ATVA-Backed Essay Rips Into Broadcasters

Says broadcast needs to be deregulated so it can "fall off its own weight"

According to an essay
being circulated by the American TV Alliance, broadcast TV needs to be
deregulated, but primarily so it can fall off its own weight.

ATVA is populated by cable operators, satellite operators, and others seeking
reforms to the retrans system they say benefits broadcasters to the detriment
of cable operators and their customers. 

In the paper, released Monday and authored by former FCC Chief Economist Tom
Hazlett, the broadcast TV system is "a needless expense, propped up not by
customer demand, technical efficiency, or business necessity, but legacy
regulation generations outdated."

Friday is the deadline for comments to the FCC on its proposals to clarify the
good faith bargaining it is empowered to enforce in retrans negotiations, but
Hazlett was not waiting to tell the FCC what he thought of them, which includes
that the opportunity cost of allocating 49 channels to broadcasting is an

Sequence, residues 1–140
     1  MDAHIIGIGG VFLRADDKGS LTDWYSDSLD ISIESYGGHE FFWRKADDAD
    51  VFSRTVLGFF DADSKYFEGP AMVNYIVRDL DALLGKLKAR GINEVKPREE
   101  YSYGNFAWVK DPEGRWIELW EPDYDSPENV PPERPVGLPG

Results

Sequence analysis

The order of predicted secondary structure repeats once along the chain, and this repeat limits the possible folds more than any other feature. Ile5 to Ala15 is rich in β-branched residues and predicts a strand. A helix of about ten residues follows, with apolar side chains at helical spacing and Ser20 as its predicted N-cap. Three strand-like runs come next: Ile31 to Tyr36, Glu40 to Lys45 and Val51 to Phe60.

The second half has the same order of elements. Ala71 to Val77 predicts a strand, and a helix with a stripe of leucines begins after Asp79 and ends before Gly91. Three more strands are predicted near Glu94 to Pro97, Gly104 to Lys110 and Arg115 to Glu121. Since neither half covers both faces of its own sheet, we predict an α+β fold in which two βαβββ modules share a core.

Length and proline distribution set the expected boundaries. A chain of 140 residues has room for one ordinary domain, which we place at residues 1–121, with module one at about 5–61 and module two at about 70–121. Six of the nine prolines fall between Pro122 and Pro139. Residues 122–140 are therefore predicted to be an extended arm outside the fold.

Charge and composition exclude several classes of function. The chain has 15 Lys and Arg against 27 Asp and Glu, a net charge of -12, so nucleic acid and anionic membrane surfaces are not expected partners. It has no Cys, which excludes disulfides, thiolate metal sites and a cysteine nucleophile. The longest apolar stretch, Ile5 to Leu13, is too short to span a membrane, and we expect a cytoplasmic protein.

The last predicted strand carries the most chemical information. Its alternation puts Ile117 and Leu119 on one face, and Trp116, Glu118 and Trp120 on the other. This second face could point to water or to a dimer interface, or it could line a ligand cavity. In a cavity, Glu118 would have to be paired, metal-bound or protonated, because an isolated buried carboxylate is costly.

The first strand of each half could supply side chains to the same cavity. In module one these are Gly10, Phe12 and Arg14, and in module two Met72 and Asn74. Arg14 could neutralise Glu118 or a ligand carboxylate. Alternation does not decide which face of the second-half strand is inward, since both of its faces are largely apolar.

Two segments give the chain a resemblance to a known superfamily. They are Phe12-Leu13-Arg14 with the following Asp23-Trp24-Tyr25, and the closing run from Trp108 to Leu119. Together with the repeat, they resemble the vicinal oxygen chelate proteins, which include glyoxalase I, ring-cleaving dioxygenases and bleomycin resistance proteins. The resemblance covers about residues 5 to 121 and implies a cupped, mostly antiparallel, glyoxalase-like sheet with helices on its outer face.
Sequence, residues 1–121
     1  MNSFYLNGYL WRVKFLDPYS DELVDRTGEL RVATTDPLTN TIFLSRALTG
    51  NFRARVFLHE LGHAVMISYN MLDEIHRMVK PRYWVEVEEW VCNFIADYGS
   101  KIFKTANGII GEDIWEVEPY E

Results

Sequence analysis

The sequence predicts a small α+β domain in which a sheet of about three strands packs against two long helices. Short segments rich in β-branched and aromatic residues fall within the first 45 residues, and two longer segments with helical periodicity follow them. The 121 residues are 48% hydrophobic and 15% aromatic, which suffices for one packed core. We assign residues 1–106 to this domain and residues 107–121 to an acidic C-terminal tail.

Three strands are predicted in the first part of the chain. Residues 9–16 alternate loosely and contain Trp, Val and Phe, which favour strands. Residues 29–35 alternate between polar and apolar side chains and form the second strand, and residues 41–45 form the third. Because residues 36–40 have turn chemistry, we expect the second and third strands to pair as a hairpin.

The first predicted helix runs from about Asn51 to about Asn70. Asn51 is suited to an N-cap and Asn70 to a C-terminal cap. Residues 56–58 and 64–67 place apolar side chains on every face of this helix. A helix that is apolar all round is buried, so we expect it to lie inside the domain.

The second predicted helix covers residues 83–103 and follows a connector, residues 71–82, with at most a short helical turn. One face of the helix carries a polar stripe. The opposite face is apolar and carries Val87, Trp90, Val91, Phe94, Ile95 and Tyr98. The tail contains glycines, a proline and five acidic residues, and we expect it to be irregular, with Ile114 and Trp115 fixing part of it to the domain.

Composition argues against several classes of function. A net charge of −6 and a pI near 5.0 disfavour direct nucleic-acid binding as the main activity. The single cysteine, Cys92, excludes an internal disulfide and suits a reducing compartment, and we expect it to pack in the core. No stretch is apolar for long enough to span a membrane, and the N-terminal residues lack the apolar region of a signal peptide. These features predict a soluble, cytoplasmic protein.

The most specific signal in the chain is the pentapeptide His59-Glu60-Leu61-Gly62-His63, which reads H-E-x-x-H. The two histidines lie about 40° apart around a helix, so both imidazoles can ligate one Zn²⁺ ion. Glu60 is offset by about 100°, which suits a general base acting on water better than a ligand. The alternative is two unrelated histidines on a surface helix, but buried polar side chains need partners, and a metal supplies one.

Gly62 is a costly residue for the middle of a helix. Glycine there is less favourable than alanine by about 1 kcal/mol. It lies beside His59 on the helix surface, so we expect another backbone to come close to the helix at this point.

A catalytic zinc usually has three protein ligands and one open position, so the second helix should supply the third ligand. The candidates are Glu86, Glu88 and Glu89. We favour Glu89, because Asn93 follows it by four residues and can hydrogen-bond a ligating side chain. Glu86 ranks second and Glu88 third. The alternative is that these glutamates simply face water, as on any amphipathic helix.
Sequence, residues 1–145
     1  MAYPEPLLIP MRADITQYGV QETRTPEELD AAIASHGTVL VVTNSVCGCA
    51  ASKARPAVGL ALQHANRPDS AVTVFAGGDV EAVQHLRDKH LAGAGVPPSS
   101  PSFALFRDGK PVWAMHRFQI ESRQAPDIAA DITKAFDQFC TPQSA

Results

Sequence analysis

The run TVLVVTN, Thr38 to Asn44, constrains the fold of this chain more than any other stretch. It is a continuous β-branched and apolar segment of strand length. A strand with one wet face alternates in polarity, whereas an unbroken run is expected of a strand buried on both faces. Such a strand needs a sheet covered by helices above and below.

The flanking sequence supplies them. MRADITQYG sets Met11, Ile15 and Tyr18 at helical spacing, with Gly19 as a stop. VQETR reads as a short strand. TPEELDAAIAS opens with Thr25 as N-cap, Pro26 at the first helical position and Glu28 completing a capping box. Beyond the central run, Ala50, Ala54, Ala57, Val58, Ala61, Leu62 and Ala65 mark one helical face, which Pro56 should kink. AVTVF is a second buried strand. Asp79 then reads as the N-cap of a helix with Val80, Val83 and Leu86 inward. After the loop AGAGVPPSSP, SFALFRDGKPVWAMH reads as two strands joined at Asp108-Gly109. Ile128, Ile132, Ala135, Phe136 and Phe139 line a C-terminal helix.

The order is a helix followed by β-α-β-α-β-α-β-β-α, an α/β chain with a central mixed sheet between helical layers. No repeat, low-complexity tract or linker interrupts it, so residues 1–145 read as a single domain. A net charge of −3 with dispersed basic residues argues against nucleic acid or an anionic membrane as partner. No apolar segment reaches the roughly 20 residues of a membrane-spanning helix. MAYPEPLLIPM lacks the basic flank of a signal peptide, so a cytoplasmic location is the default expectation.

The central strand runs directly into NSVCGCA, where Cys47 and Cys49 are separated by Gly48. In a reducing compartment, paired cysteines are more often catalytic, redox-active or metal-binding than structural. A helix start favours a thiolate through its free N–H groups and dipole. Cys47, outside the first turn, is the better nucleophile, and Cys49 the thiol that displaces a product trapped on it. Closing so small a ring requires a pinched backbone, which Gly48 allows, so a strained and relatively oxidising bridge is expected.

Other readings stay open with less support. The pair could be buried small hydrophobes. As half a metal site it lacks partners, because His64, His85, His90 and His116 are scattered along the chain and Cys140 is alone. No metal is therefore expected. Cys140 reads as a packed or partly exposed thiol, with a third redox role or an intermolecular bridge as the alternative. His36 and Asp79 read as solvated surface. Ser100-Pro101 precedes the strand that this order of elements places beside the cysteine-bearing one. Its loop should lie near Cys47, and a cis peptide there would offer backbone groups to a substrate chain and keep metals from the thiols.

estimated $1 trillion in social welfare. "[P]rotecting broadcast TV in a
world where ‘broadcast TV' is already an anachronism and video programs are
themselves fleeing to new media is not a good way for the government to support
the emerging markets of the 21st Century."

The FCC under Chairman Julius Genachowski has also been talking up the value of
broadcast spectrum in other hands, namely wireless broadband companies.

ATVA commissioned the essay from Hazelett, who is currently a professor at George Mason University outside Washington.

"We're not surprised the pay TV lobby has funded another author to support
the ludicrous notion that local broadcasting is a 'needless expense,' "
said National Association of Broadcasters spokesman Dennis Wharton. "The
reality is that ATVA's members are threatened by cord-cutting and the multicast
free DTV options offered by broadcasters. Given the exceptional performance of
broadcasters in saving lives during tornado season, we look forward to a debate
over whether local television is unimportant."